Why Suffer for What You Love

Isn't it a bit ironic that the generation indebted to college loans and handcuffed to the stigma of a bad economy has been given the prescription to find happiness by doing what we love? 

No one takes into account the sick, twisted nature of love while they're in it. Our brains hijack the definition. An infinite dopamine loop makes us think Love is sugar and catnaps and television, forever and ever. We can't get enough, and our jobs, our loans, our economy just happens to stand in the way.

Even with all the reminders in our lifetimes of dying love, though, we conveniently forget it's a ton of hard work. And we're not at fault, it's a human reaction. Taste a bit and we want the whole thing for free and now, no interruptions. That's the dangerous idea Tiffany Shlain includes her documentary Connected: An Autoblogography about Love, Death & Technology.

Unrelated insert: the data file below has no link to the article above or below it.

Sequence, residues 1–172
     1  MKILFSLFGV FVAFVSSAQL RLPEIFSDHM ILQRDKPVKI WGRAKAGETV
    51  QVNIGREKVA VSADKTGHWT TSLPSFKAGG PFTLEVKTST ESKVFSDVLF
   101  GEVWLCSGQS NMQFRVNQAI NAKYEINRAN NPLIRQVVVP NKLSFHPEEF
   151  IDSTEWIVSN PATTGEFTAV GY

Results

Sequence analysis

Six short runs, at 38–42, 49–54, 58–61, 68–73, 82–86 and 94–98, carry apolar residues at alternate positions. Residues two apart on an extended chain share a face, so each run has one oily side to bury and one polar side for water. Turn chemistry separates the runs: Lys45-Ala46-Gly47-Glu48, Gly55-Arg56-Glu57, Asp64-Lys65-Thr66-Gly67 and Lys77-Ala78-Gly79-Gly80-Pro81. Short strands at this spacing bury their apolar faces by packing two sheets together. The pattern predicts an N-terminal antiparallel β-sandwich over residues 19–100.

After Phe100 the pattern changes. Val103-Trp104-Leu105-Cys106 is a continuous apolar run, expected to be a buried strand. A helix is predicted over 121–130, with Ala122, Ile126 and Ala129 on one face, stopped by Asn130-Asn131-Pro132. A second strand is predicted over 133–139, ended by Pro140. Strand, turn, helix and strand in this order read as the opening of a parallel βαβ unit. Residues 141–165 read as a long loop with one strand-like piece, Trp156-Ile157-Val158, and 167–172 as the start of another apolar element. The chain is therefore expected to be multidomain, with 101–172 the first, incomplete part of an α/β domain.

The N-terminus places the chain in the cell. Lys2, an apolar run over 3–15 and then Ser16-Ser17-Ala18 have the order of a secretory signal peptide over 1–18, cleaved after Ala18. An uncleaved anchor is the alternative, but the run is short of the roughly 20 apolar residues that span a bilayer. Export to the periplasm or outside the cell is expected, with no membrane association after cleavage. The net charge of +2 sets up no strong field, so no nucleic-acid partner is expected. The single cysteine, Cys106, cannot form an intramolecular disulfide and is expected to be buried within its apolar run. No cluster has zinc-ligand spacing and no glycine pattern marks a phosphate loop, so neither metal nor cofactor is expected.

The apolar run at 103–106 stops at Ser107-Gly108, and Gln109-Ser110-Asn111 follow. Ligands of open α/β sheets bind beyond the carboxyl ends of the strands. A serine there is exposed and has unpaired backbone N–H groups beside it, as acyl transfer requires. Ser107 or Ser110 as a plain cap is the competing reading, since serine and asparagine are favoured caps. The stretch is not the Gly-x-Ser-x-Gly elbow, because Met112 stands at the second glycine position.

I think I've found a solution, though, and it exists in the connection of two unlikely parts: my vague understanding of Buddhism and the rock band Queens of the Stone Age. Buddhism exists with the acceptance that Life is Suffering. While there are moments of happiness, suffering is inevitable and we can work to transcend past it into Nirvana. Queens of the Stone Age have a great lyric in their song "Go With the Flow" that says, "I want something good to die for, to make it beautiful to live."

If Life is Suffering, why not suffer for something beautiful? Why not contribute something amazing? Why not become a Buddhist rock star? To do what you love means to suffer through it, even when you hate it. Love is not easy. Love is not sugar and catnaps and television.

And if the only way out of debt and joblessness and my generation's woes is what the world tells me, I'm going to search for love wherever I can and believe in my reason for suffering.